Wind in the Willows, The


by Neil Brand

adaptation of Kenneth Grahame's classic, for 10 actors, 8 singers and orchestra
Chorus with Orchestra/Large Ensemble, Music Theatre
2(II=picc).2(II=ca).2(II=bcl).2 - 4221 - timpani - perc(4): vib/xyl/glsp/t.bells/gong/tam-t/w-chimes/tgl/tamb/sandpaper blocks/cymbs/crash.cym/3 toms/SD/concert BD - celesta - harp - strings
Commissioned by BBC Radio 3 and 4
First Performance
16.02.2013, BBC Maida Vale Studios, London: various actors/BBC Singers/BBC Symphony Orchestra/Timothy Brock
Full score, script, vocal score, and parts available for hire.
Programme Notes
My first memory of Wind in the Willows is having it read to me by my older brother when I was five or six years old. The characters, and more particularly the situations, leapt off the page – I laughed at Toad but I was also chilled by his long walk to prison, I was scared by the Wild Wood but recognised the companionship of Rat and Mole, the authority of Badger, the heroism of the final attack on Toad Hall.
Returning to it in later life I was surprised to discover its leisurely pace, its ‘Gentleman’s Club’ dialogue and its meanderings. I wanted to adapt a ‘stripped down’ Toad - I have been involved, either as actor or composer, in no less than five theatre productions of the story and still I felt that there was something missing from the story – that something turned out to be an orchestra.

In setting the story for a radio audience I have been aware that the same moments that leapt out at me half a century ago are the most vivid ones for me now – Mole falling in the river, the train chase, the secret passage. I have been careful to allow space for the music to breathe but also to make the story feel leisurely despite the cuts necessary to reduce it to an hour. Our characters are, I hope, tougher than their usual representations – Badger is a hard survivor, Rat is a retired ex-serviceman (hence a burrow full of weapons), Mole is a feisty and quick learner, Toad is enthusiastic but definitely not an idiot – together they interact with their world through the music which provides all the other sound in the piece, from a running river to a speeding train, a rifle shot to a scrubbing brush, the sudden glare of a sunrise to the dark mystery of an underground city. The score is the caravan, the car, the prison, the Wild Wood and the Great God Pan. It is the set, costumes, lighting and special effects – oh, and it’s also the sound.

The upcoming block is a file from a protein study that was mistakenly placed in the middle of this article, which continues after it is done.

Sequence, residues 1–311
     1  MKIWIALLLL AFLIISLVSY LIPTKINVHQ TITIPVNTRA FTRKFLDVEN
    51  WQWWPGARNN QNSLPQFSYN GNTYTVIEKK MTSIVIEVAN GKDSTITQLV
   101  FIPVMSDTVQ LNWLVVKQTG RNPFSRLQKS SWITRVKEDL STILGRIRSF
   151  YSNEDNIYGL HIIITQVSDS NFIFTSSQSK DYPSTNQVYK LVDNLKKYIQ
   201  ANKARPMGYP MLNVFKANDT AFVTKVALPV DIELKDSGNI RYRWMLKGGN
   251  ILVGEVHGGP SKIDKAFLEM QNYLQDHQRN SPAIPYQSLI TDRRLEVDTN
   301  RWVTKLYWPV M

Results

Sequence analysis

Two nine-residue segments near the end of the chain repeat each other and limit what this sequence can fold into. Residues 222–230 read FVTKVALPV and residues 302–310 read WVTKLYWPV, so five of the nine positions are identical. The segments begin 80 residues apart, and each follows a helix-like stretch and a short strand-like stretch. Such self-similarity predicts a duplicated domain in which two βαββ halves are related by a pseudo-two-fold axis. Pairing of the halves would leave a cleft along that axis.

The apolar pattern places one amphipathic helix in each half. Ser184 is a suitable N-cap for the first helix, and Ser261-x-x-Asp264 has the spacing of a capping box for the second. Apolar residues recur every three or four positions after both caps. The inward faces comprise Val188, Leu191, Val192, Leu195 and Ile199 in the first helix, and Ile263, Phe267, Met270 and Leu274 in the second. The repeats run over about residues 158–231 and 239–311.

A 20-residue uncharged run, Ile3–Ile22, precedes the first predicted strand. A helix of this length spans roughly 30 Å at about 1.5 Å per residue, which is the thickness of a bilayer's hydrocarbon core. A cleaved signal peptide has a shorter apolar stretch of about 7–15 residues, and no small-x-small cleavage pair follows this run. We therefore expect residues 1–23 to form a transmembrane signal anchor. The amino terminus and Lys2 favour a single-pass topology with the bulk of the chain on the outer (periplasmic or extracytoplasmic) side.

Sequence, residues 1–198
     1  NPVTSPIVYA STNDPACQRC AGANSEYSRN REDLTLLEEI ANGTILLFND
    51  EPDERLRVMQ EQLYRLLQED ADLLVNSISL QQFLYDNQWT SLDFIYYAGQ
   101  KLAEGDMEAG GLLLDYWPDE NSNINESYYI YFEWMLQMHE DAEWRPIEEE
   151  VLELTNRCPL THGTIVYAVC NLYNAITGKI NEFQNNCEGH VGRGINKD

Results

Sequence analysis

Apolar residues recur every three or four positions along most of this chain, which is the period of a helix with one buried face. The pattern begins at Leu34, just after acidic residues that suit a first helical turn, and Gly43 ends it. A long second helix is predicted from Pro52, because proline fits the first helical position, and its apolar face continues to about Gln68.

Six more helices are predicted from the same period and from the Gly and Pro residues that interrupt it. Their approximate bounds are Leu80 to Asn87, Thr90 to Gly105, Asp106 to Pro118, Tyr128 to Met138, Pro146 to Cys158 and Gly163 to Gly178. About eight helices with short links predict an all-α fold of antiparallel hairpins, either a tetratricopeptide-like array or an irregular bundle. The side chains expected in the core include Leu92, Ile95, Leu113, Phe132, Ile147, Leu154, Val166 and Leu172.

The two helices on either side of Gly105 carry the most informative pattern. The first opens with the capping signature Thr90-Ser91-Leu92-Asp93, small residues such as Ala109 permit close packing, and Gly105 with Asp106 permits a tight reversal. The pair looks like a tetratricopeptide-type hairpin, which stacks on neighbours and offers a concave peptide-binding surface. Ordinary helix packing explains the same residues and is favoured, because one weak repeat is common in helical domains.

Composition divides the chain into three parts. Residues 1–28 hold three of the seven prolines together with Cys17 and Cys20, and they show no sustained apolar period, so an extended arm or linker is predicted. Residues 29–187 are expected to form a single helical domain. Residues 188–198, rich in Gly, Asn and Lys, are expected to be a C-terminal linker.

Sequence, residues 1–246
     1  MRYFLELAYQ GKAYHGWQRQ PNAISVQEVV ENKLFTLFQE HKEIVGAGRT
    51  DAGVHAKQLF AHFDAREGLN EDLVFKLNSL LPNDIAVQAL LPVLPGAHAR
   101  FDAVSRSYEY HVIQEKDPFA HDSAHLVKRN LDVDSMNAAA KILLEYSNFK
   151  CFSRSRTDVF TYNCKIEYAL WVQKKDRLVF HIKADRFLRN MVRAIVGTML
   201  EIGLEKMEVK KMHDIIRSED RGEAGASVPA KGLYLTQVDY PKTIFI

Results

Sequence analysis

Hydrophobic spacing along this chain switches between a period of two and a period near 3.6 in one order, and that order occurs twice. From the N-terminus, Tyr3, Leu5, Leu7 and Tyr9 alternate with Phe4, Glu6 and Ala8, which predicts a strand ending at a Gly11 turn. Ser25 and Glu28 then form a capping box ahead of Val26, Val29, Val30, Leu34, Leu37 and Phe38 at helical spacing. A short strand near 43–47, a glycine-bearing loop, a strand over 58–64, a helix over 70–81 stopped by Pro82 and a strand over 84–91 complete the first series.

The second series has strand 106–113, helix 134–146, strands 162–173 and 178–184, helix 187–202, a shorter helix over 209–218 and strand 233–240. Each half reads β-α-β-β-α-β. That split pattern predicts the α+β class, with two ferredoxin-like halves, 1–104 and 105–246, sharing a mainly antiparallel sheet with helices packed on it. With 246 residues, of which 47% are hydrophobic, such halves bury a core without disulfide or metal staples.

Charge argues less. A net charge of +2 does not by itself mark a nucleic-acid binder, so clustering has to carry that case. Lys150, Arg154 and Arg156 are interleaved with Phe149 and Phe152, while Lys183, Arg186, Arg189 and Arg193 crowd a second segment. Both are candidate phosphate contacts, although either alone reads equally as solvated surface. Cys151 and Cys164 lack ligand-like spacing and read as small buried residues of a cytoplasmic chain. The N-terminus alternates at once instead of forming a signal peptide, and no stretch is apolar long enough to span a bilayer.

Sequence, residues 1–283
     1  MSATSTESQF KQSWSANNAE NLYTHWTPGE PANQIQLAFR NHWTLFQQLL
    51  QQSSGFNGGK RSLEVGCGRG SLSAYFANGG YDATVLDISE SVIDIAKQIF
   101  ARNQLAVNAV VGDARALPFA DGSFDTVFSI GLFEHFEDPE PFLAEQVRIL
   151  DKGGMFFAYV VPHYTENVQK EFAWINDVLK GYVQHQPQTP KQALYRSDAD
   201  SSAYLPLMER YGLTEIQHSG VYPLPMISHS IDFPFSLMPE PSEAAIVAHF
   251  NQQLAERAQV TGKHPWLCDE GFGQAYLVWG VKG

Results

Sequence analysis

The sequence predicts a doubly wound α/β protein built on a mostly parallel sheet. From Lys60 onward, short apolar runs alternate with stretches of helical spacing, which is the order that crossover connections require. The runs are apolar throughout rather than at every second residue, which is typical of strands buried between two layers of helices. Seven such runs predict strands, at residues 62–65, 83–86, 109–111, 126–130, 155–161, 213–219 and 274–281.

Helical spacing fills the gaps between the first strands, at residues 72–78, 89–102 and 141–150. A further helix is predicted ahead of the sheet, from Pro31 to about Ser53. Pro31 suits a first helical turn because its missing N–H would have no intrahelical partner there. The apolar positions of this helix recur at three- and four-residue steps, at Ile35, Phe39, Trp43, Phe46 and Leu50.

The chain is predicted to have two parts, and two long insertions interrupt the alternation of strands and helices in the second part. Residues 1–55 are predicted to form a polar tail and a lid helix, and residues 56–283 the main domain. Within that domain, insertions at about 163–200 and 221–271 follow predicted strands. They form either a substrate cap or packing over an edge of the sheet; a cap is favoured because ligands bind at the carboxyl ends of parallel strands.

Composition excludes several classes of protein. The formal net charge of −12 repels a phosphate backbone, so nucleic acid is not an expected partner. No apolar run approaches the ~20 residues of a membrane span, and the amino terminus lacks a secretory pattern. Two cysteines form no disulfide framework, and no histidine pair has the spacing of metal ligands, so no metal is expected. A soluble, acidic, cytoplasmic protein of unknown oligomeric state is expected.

I have also tried to only use Kenneth Grahame’s words in the dialogue – I have added a song of my own and a couple of passing comments but in general the characters speak with his own voice and the orchestra and singers do the rest. The orchestra is a wonderful, moving canvas on which to project this story – it is flexible, powerful but always engaging, giving the characters a background which is their space, their thoughts, their narrative – as such it sounds very close to film music and I hope the end result of this performance will be to provide the listeners with the perfect soundtrack for the pictures that will appear in their heads. We all have our ‘perfect’ Toad, Rat, Mole and Badger – I hope this performance will allow our imaginations to ‘see’ them.
And so, the curtain rises...



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